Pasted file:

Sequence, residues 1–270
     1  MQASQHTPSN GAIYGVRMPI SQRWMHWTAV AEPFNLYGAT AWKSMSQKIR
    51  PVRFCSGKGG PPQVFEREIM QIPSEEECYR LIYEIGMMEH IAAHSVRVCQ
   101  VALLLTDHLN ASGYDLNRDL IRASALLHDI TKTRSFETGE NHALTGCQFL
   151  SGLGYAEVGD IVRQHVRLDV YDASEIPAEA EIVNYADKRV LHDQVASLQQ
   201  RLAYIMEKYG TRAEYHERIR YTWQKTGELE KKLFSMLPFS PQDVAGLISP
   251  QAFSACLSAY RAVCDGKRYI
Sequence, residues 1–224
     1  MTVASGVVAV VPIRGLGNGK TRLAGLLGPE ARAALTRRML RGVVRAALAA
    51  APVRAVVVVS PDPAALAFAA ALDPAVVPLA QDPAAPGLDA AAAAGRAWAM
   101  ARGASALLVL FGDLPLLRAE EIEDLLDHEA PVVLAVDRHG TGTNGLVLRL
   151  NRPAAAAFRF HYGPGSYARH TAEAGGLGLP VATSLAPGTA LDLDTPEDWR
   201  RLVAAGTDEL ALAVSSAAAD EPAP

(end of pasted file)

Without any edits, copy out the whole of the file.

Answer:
Sequence, residues 1–270
     1  MQASQHTPSN GAIYGVRMPI SQRWMHWTAV AEPFNLYGAT AWKSMSQKIR
    51  PVRFCSGKGG PPQVFEREIM QIPSEEECYR LIYEIGMMEH IAAHSVRVCQ
   101  VALLLTDHLN ASGYDLNRDL IRASALLHDI TKTRSFETGE NHALTGCQFL
   151  SGLGYAEVGD IVRQHVRLDV YDASEIPAEA EIVNYADKRV LHDQVASLQQ
   201  RLAYIMEKYG TRAEYHERIR YTWQKTGELE KKLFSMLPFS PQDVAGLISP
   251  QAFSACLSAY RAVCDGKRYI
Sequence, residues 1–224
     1  MTVASGVVAV VPIRGLGNGK TRLAGLLGPE ARAALTRRML RGVVRAALAA
    51  APVRAVVVVS PDPAALAFAA ALDPAVVPLA QDPAAPGLDA AAAAGRAWAM
   101  ARGASALLVL FGDLPLLRAE EIEDLLDHEA PVVLAVDRHG TGTNGLVLRL
   151  NRPAAAAFRF HYGPGSYARH TAEAGGLGLP VATSLAPGTA LDLDTPEDWR
   201  RLVAAGTDEL ALAVSSAAAD EPAP